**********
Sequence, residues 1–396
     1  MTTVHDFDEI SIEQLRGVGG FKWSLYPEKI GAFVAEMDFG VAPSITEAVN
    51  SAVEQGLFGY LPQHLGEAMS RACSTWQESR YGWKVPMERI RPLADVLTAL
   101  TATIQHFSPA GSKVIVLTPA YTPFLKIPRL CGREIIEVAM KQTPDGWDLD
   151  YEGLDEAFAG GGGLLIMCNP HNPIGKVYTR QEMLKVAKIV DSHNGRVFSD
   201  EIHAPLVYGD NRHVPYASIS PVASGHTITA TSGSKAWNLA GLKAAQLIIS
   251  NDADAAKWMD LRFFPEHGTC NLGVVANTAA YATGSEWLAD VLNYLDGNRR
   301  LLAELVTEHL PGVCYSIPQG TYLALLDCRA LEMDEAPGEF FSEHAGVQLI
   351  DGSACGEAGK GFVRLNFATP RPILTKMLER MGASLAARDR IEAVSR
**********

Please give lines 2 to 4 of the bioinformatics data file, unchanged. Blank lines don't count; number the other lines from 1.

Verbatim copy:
     1  MTTVHDFDEI SIEQLRGVGG FKWSLYPEKI GAFVAEMDFG VAPSITEAVN
    51  SAVEQGLFGY LPQHLGEAMS RACSTWQESR YGWKVPMERI RPLADVLTAL
   101  TATIQHFSPA GSKVIVLTPA YTPFLKIPRL CGREIIEVAM KQTPDGWDLD